Scandinavia: A mobile obsession

The birthplace of full-scale mobile phone networks, Scandinavia is a natural hothouse for cutting-edge mobile marketing campaigns. Pippa Considine reports.

The cradle of the mobile handset, Scandinavia is now revelling in the play of the industry it has watched grow up.

With Sweden, Norway and Denmark the first countries in the world to have a fully automated mobile phone system, and Nokia, the globe's biggest mobile phone manufacturer, accounting for half the market capitalisation of the Helsinki Stock Exchange, Scandinavia is home to some of the most forward-leaning mobile marketing initiatives.

"Historically, there has been a higher and quicker uptake of mobile phones in Scandinavia," Eddie D'Sa, a partner at Naked Communications' Oslo office, says. "Income per capita is high, so the cost of the phone is pretty irrelevant, and these are vast countries, so switching to mobile makes a lot more sense."

According to Jupiter Research, Sweden has by far the most "mobile aficionados" and the most "convinced consumers" among mobile owners in Europe. But the entire gadget-loving Nordic region is awash with engaged mobile users. Mobile penetration is above 100 per cent across Denmark, Norway and Sweden, with 3G subscribers accounting for around one in five of all users. And mobile content services is a huge $140 million-plus business in both Sweden and Norway.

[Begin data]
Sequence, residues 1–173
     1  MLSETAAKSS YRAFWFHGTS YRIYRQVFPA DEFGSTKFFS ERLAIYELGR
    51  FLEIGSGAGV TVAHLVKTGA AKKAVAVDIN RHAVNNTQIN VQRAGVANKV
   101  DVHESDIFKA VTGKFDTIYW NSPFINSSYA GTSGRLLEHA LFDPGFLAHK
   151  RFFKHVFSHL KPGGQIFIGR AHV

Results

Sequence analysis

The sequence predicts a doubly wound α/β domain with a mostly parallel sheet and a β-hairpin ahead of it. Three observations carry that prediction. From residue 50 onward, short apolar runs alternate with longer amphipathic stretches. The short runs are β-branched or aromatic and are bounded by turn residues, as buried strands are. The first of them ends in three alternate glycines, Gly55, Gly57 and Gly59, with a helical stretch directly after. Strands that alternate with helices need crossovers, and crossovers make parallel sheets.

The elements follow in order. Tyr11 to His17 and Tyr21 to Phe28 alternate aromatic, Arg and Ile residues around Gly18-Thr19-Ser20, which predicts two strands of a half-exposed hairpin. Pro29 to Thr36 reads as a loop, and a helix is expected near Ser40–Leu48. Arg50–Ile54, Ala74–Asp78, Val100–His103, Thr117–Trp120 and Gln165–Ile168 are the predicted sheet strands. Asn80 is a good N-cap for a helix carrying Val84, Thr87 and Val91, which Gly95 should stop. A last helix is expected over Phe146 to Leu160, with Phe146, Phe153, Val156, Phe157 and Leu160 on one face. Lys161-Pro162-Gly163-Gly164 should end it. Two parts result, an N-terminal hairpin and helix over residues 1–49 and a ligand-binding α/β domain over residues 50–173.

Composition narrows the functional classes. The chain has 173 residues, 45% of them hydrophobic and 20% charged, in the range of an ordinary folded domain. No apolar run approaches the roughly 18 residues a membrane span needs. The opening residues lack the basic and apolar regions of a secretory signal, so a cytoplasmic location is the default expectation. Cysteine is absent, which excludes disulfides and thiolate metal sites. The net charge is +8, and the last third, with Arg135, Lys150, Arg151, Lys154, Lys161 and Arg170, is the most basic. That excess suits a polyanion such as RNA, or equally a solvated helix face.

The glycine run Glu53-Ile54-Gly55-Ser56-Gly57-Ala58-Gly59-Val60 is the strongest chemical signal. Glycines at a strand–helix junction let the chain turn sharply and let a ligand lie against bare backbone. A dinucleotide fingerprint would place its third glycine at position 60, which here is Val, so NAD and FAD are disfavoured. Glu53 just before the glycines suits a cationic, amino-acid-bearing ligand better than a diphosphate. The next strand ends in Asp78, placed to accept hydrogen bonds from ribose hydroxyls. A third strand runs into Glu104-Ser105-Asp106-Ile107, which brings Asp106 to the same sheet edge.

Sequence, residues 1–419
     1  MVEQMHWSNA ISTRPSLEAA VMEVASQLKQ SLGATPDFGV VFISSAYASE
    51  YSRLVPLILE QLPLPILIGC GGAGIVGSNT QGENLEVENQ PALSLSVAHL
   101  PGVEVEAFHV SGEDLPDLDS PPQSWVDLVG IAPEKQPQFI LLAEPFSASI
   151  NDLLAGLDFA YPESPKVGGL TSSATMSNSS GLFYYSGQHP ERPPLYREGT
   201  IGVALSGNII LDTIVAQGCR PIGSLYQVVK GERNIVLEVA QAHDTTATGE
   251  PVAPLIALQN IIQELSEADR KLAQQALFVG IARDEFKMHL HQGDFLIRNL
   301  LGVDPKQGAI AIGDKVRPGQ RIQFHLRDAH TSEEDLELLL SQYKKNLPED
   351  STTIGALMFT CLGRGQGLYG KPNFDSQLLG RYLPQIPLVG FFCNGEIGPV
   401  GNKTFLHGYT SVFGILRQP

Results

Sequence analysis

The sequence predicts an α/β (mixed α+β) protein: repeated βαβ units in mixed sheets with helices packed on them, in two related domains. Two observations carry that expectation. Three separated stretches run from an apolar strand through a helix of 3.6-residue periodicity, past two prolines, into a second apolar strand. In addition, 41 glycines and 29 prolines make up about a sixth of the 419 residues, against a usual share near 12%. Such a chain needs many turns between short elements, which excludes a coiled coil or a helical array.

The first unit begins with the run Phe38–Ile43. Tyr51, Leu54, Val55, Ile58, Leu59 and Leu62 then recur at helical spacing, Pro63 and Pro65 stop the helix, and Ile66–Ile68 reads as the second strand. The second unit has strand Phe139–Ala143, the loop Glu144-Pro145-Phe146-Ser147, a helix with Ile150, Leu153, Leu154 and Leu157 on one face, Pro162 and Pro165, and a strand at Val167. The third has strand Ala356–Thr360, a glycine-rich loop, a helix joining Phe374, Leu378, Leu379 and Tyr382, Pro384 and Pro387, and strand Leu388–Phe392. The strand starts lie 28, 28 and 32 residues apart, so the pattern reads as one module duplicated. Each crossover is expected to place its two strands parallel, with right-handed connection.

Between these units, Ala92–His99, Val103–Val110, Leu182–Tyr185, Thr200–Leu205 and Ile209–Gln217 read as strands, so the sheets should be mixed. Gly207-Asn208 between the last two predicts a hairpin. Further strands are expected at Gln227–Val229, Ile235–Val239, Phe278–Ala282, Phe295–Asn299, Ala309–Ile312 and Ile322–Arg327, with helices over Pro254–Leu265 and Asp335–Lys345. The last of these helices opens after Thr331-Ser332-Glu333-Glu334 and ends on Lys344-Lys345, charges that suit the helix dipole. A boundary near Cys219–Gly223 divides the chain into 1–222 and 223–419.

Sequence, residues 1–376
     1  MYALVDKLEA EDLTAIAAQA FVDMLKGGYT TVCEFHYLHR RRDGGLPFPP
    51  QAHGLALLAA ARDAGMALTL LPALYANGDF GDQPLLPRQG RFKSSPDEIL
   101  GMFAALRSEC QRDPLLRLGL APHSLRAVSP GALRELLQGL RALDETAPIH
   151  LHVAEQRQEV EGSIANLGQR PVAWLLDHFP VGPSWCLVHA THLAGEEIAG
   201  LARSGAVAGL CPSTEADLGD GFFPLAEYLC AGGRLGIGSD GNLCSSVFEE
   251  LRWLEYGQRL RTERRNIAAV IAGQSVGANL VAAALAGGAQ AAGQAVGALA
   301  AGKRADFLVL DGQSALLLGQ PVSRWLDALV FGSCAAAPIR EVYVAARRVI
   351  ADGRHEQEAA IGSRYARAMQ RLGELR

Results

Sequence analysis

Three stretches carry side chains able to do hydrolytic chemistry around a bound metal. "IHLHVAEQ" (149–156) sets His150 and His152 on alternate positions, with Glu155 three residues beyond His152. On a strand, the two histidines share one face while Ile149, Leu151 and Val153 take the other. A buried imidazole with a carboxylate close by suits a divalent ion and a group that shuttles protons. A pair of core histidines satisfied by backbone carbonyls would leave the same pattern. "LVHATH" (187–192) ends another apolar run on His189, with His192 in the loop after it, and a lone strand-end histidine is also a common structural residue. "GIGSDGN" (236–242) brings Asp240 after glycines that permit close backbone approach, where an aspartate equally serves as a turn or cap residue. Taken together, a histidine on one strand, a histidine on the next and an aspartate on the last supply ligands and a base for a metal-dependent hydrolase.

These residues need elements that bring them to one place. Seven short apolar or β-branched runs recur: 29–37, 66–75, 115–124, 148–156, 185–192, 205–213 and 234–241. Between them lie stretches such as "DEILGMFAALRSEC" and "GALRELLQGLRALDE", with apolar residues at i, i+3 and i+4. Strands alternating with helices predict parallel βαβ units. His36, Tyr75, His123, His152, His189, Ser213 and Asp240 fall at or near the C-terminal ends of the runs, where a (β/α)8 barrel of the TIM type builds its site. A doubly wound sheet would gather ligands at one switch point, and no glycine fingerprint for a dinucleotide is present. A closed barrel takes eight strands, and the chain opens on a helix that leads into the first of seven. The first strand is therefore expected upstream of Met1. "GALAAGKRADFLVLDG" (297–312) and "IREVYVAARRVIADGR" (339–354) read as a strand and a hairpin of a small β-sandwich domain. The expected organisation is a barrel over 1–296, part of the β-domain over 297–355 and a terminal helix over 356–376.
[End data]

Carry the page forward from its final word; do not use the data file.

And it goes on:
In addition, research from the mobile marketing company Mobiento shows almost 90 per cent of Scandinavian mobile owners are using SMS and nearly half use MMS. Two-thirds have taken advantage of mobile content services and one-third has downloaded ringtones, pictures, games and the like. The same percentage has already surfed the internet from a mobile.

It's a rich environment for brands looking to engage consumers with novel techniques. So how has mobile technology been put to marketing use in Scandinavia?

The Swedish retailer Hennes & Mauritz recently ran a high-profile campaign through Initiative Universal, in which H&M club members were sent an SMS inviting them to take part in a fashion quiz on a WAP portal and view the new Madonna collection. H&M has also used SMS to send out discount codes that customers could show when making a purchase in-store.

Indeed, the mobile phone as a payment device is a phenomenon that's on the increase in the region. Mobiles are frequently used to pay for music downloads, ringtones, wallpapers and mobile betting, as well as cinema tickets and soft drinks from vending machines. Its growing use of "micro-payment" also includes buying articles online or placing classified ads.

Although Mobiento's statistics show that only one-quarter of Scandinavian mobile users have voted by SMS, "pan-Nordic campaigns have shown volumes of ten or more times those in other countries", Initiative Universal's chief executive, Urban Hilding, says. Finns are the most eager texters, he notes. Even so, the Swedish entry to the 2007 Eurovision Song Contest attracted five million votes from a population of just nine million.